He would have established a brutal dictatorship in Britain, seizing property, ruthlessly crushing dissent and sending his opponents to labour camps. But he still loved his little son Brian. I know, because I’ve held in my hand a postcard from him with a drawing of a man peeking out of the moon and the message, ‘When I come home, we will have some fun. With love from Dada.’
Harry Pollitt was General Secretary of the Communist Party of Great Britain from 1929 to 1956. I was researching him for a novel I’m writing about Communists in London during the Blitz (you can read an extract from it on my website.) As he was tracked by MI5 throughout his career, there is a bulging file on him: reports of his movements from agents who followed him around London, intercepted letters, stolen minutes from confidential party meetings, verbatim accounts of speeches he made round the country – and the postcard that never reached little Brian. Together, it contains a man’s life and work. And it’s all there, tied up in red ribbon, for anyone who wants to read it, in the National Archives at Kew.
One of the glories of London is how much is available for free. I don’t like the notion of ‘government funded’; I prefer ‘belongs to all of us’. The National Archives are free because they belong to all of us. They’re housed in an imposing, cool, modern structure set back a hundred yards or so from the river amidst the suburban calm of Kew, a short walk from Kew Gardens Tube. You approach it via a wide, welcoming front area where fountains play and you can sit and eat your sandwiches on a hot day. Inside, an efficient cafe is served by screens playing rolling twenty-four hours news as if to drag researchers back into the present. There’s a celebratory exhibition, and a bookshop dominated by social history and almost as many different books about the First and Second World Wars as soldiers fought in them. You can’t just walk straight into the archives: you have to present a driving licence or a utility bill, be photographed, and pass an online test on how to handle documents with clean hands and respect. Once you’re in, you can place an order, and before long an intriguing cardboard box appears in your own personal transparent locker. Take it past the security men into the reading room, and you literally open up the secrets of the past. As with all research, it’s best to keep an open mind; you can be trawling through pages of tedium when you stumble on the unexpected and the revealing, like the flash of humanity in a would be dictator. I’m sure little Brian Pollitt thought his Dad was a lovely man. Maybe he still does. Maybe he was.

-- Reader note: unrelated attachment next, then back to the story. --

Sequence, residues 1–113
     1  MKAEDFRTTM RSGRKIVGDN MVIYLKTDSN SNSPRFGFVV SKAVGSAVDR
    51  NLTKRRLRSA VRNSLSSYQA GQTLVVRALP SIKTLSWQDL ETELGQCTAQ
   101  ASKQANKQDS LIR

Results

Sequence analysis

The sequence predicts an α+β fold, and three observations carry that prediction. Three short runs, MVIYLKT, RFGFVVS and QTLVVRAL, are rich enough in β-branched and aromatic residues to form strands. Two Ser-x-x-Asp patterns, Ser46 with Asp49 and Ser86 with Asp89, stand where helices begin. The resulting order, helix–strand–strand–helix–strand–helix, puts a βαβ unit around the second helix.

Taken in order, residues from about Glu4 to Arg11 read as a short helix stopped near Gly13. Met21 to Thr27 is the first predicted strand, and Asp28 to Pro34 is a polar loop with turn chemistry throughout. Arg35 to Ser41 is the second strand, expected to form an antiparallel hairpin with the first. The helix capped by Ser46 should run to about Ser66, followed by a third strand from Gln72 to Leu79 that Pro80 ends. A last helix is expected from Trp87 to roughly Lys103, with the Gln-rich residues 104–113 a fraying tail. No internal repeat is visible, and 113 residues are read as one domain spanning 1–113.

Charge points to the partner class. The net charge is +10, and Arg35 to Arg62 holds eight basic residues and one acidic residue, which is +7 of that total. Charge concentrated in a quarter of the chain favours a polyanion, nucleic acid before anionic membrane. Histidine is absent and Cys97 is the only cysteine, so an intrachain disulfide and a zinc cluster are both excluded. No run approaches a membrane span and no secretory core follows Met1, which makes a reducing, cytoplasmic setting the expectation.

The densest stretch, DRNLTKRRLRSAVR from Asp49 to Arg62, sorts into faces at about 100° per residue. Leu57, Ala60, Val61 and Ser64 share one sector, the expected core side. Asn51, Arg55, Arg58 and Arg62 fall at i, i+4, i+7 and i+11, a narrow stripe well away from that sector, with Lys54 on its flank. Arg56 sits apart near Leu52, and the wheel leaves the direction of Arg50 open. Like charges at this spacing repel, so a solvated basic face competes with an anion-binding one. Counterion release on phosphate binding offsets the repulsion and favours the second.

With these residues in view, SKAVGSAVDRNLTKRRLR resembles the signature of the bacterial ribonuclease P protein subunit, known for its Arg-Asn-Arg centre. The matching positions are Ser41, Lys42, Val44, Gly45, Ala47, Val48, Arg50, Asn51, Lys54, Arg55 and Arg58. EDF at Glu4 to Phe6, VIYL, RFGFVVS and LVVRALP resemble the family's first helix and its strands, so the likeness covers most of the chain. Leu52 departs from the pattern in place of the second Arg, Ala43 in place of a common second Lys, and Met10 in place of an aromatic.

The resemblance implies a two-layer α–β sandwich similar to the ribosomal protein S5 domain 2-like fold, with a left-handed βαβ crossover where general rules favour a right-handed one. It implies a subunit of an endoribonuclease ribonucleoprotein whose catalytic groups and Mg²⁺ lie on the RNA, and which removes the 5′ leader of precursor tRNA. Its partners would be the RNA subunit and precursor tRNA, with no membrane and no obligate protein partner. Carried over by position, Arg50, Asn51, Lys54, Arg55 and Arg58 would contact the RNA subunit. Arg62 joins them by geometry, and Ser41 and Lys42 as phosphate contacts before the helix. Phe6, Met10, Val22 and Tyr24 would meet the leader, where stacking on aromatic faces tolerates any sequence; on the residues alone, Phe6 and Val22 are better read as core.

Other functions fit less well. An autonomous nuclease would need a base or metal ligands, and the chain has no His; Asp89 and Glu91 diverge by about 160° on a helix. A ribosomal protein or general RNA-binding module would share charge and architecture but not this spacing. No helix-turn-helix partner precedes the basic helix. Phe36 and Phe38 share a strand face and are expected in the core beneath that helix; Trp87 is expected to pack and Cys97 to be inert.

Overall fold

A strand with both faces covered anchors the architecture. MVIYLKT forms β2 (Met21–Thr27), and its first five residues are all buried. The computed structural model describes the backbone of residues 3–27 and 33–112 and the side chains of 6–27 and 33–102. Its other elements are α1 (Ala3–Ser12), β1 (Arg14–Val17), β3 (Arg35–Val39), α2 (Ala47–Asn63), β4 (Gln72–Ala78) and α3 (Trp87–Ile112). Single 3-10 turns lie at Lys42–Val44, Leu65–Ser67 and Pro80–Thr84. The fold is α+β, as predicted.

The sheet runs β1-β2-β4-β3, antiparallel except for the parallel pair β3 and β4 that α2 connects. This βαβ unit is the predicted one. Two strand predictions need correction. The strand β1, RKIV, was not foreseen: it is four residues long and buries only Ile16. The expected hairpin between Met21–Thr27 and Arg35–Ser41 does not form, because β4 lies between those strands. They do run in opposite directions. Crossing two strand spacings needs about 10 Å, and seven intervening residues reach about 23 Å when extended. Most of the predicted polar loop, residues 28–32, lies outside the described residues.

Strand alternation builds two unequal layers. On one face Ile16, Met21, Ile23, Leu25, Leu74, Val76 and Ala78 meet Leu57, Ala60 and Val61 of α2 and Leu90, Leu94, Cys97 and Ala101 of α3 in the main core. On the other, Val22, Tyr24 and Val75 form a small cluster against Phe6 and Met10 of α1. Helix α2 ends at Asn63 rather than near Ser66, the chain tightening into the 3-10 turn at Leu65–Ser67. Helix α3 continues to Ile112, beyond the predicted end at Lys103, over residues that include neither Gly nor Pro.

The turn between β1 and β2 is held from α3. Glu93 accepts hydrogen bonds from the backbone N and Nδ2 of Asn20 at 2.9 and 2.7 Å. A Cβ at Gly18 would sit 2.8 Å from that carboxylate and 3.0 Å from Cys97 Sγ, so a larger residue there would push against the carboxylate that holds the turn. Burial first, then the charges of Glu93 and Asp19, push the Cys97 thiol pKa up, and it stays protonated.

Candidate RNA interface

It’s a very democratic place. Professional scholars rub shoulders with curious citizens. Its most popular use is by people researching their family histories (hence the contents of the bookshop), but it also hits the headlines every New Year’s Day as newspapers present to our hangover-clouded eyes the contents of confidential government papers released under the thirty year rule, letting us in on the secrets of plans to use the army to break the miners’ strike and how much Mrs Thatcher’s ironing board cost. It also hosts a number of talks and events, and will be a major part of the commemorations of the various First World War centenaries, putting soldiers' and civilians' diaries online, bringing back ordinary men and women from the dead. It’s all there, the life of our nation, kept for us, belonging to us. You should use it, to stop them taking it away.